Tuesday, October 16, 2012

How to Make a Successful Sale: Do We Create Needs or Simply Discover Them? - Part II

Can we really create needs?
Last week's article was focused on the fact that, as people dedicated to marketing  products, brands and services, our main task is to discover the needs that motivate our customers to finally make the purchasing decision for what we offer, and based on this discovery to develop all our commercial and advertising efforts.

If we can’t find such need, it’ll be very difficult to connect our product with its consumer and make the sale happen.

One of the comments I received about the post, reminded me that one of the major products developer of our time, once said that "We create needs"

I am 99% sure that we DO NOT create needs.

And I say 99% because, like everything else in this world, there is no absolute truth about anything and there should always be room for a second opinion, and a third, and many more.

Now I'll try to show you where my opinion is coming from: If it were possible for us “to create needs”, then consumers will simply be programmable robots to whom we would be able to dictate what, how and when to buy our products. And we all know it doesn’t happen that way.

If it were possible for us to create needs, companies would need not to diversify, sales would suffer no ups and downs, there would be no competition, all brands would be alike, product consumption would remain stable, regardless of the economic crisis, and a lot of things more, and as we see, none of this actually happens.

New products are created because there are business opportunities for them.

Products are created because somehow its creator has discovered a market niche to which marketing efforts can be aimed and turn that product into a profitable business.

But first, this discovery of the need must be made. The product developer must have found that there is a need in the consumers' side which must be properly taken care of and/or fulfilled, and makes sure this new product he’ll be bringing in will fill the gap and do the job more efficiently, or even on a unique way, as it has been in Steve Jobs’ case, who directed his products’ marketing efforts towards specific market segment and did it in a wonderful, unique way for each of the products they developed.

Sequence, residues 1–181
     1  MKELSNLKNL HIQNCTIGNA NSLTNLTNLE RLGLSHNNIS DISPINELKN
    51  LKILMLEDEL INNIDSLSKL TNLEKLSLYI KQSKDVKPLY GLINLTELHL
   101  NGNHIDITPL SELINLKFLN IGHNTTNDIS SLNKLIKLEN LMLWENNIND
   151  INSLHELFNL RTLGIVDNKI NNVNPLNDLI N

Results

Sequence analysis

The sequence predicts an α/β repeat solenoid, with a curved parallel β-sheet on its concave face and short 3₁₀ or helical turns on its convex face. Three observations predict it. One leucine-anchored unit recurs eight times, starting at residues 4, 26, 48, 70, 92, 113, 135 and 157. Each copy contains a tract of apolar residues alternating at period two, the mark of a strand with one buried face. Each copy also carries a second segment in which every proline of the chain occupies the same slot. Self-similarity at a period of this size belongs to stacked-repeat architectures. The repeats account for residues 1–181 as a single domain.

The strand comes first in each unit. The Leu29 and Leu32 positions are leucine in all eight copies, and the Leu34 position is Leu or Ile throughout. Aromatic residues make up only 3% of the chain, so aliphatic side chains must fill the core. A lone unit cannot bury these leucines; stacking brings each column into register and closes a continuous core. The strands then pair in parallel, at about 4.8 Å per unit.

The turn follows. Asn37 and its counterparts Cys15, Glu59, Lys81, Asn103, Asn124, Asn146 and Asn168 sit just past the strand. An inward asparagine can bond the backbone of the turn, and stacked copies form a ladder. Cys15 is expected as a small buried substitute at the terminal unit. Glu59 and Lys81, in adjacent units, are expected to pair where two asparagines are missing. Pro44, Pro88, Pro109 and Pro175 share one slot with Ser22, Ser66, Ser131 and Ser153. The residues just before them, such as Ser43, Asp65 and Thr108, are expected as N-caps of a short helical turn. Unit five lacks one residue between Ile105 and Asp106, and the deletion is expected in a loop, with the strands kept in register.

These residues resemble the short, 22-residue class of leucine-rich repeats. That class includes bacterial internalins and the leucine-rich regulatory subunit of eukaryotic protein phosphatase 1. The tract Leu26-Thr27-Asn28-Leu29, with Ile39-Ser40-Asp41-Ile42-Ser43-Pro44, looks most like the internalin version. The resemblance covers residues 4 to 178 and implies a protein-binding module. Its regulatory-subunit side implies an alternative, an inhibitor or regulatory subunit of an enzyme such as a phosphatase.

What made Steve unique, in my opinion, is that he was able to look further ahead and find out that things could be done in a better way, that products could go a step further in satisfying consumer’s needs and anticipated what consumption trends might be among people for those new products.

But anticipating is not the same as creating. Finding out where things are heading to and getting there before anyone else is not the same as creating a brand new place. And that is the virtue successful entrepreneurs have: they know how to analyze the market looking for new business opportunities to develop and create new products and services.

If we could create needs, the world would be very boring.

And boring because we would all have the same car. Why would we need a smaller, or a larger one? or why would we even need a luxury car, instead of a two-door sedan if both of them allow us to satisfy our transportation needs the same way? Or maybe everyone would live in the same house, or would wear the same clothing?

Can you imagine what it would be if drug dealers could "create the need to consume" their products?

The power lies, as it has always done, on consumers, who have the power to decide to purchase an specific product, service or brand that suits their needs, and will purchase it from the one who knows how to discover what really motivates them to make the buying decision.

This post is dedicated to you. I do hope you enjoy it.

And here you have the link to Part I: How to make a successful sale: Do we create needs or simply discover them?

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